The data of social media has received much attention to observe and predict real-world events. For example, It is used to predict financial markets, products demand, and voter turnout. While these works regards social media as a sensor of real world, as social media become more popular, it become more natural to think social media significantly effects on real worlds events. The canonical example might be cryptocurrencies, where supply and demand are more susceptible to investor sentiment and therefore interactions within social media cause significant effects on the price of them. On the hypothesis that social media actuate real-world events, we propose a neural network based model to predict the price fluctuations of financial assets, including cryptocurrencies. We model the effect of social media which cannot be directly observed, using an end-to-end neural network, Recurrent Neural Network. By simulating the effect within the social media, we show that the method that models the effect of social media on financial markets can observe and predict the price fluctuations of cryptocurrencies more precisely and stably. By analyzing the model, we suggest that networks within social media can be influential relationships throughout time, even if they are not directly connected, and that the intensity of the influence from social media on financial markets varies depending on the nature of the financial assets.
Pointer-generator, which is the one of the strong baselines in neural summarization models, generates summaries by selecting words from a set of words (output vocabulary) and words in source documents. A conventional method for constructing output vocabulary collects highly frequent words in summaries of training data. However, highly frequent words in summaries could be usually a high possibility to be frequent in source documents. Thus, an output vocabulary constructed by the conventional method is redundant for pointer-generator because pointergenerator can copy words in source documents. We propose a vocabulary construction method that selects words included in each summary but not included in its source text of each pair. Experimental results on CNN/Daily Mail corpus and NEWSROOM corpus showed that our method contributes to improved ROUGE scores while obtaining high ratios of generating novel words that do not occur in source documents.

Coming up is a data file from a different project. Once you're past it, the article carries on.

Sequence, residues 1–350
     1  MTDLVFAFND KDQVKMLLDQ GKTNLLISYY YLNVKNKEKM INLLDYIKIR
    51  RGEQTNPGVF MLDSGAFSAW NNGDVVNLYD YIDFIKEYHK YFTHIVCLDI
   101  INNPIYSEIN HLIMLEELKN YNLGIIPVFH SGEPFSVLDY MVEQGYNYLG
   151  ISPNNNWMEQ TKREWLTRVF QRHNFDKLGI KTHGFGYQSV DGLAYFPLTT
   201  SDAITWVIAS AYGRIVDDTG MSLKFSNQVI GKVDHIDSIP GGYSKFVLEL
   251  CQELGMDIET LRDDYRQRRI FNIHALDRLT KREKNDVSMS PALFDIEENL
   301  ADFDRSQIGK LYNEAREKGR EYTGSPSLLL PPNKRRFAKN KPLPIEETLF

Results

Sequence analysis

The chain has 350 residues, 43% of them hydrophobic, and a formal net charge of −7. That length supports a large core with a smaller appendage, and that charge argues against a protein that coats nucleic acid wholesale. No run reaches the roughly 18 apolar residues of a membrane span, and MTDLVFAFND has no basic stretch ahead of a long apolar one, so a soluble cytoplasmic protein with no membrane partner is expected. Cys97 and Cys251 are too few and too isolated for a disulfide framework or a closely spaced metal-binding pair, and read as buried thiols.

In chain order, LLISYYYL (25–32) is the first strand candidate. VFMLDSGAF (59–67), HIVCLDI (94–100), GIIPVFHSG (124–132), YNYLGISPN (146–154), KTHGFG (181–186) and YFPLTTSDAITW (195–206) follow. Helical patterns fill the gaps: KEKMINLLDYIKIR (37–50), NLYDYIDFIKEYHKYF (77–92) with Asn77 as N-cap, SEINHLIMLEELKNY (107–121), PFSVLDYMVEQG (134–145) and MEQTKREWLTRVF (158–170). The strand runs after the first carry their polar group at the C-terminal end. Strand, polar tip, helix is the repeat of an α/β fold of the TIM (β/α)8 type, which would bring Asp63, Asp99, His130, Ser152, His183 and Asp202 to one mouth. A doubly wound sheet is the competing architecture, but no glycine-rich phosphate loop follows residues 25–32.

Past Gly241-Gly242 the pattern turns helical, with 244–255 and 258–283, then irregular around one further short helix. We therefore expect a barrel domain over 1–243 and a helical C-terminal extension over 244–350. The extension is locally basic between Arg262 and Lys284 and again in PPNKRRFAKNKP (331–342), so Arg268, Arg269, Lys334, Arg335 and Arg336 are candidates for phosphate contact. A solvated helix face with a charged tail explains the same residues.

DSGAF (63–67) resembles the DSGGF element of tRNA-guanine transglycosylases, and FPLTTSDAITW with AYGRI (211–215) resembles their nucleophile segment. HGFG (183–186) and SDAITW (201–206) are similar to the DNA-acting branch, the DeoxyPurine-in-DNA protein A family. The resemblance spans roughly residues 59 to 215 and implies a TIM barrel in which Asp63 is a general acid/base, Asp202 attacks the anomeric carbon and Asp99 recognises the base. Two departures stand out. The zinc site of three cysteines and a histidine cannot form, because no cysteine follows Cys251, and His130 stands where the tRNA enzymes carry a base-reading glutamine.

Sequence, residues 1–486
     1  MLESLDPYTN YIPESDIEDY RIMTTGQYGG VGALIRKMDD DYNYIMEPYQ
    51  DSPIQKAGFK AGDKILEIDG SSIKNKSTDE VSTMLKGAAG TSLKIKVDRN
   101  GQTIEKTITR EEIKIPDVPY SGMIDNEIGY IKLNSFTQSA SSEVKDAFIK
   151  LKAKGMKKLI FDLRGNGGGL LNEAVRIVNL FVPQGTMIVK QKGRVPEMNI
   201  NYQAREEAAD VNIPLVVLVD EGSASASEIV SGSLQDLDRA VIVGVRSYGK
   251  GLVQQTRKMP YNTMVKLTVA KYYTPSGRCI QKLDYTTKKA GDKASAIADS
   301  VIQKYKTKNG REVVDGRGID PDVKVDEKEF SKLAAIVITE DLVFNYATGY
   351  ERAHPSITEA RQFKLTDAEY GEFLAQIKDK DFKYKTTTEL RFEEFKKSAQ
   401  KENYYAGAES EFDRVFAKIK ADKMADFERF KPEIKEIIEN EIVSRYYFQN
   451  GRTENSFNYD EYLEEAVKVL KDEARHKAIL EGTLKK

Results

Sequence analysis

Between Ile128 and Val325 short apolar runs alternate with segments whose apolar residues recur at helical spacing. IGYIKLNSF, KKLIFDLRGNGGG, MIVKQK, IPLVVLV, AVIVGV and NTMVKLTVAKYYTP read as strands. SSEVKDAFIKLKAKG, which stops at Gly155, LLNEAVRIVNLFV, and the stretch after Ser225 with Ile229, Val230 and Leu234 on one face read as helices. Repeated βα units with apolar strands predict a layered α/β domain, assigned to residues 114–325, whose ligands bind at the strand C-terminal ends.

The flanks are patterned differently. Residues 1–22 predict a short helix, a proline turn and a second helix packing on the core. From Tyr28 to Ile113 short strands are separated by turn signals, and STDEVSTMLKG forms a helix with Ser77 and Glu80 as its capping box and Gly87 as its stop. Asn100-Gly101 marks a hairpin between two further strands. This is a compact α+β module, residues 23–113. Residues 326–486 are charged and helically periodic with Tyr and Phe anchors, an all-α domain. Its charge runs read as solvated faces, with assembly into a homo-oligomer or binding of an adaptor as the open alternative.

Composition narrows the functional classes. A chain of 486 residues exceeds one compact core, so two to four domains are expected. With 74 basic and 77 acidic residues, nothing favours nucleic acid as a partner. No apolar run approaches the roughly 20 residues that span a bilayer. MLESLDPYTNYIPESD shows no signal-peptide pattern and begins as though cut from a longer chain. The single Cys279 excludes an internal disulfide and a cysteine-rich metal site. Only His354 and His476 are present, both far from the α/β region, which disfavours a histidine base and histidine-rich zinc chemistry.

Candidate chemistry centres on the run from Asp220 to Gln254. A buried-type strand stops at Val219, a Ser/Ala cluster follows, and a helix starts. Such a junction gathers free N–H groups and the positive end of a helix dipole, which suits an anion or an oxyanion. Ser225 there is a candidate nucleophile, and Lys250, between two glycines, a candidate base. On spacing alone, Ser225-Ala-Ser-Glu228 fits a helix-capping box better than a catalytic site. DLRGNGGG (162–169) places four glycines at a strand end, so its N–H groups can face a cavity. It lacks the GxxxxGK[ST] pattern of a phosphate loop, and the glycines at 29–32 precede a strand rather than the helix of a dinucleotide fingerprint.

Driver pose estimation is a key component in driver monitoring systems, which is helpful for driver anomaly detection. Compared with traditional human pose estimation, driver pose estimation is required to be fast and compact for embedded systems. We propose fast and compact driver pose estimation that is composed of ShuffleNet V2 and integral regression. ShuffleNet V2 can reduce computational expense, and integral regression reduce quantization error of heat maps. If a driver suddenly gets seriously ill, the head of the driver is out of view. Therefore, in addition to localizing body parts, classifying whether each body part is out of view is also crucial for driver anomaly detection. We also propose a novel model which can localize and detect each body part of the driver at once. Extensive experiments have been conducted on a driver pose estimation dataset recorded with near infrared camera which can capture a driver at night. Our method achieves large improvement compared to the state-of-the-art human pose estimation methods with limited computation resources. Futhermore, We perform an ablation study of our method which composed of ShuffleNet V2, integral regression, and driver body parts detection. Finally, we show experimental results of each driver action for driver monitoring systems.
The purpose of this paper is to report on the design and development of a Venn diagram and Yes/No chart learning system for fostering computational thinking and its evaluation. We developed a Yes/No chart learning system as a web application. This system was developed using HTML5 and vis.js. To evaluate this system’s effectiveness, 20 university students and 4 high school students were given an experiential learning exercise. As a result, 18 students were able to use this system to explain the classification better. The median computational thinking score after using the system was significantly higher than the median computational thinking score before using the system. It was confirmed that this system is useful in fostering computational thinking through experiential learning.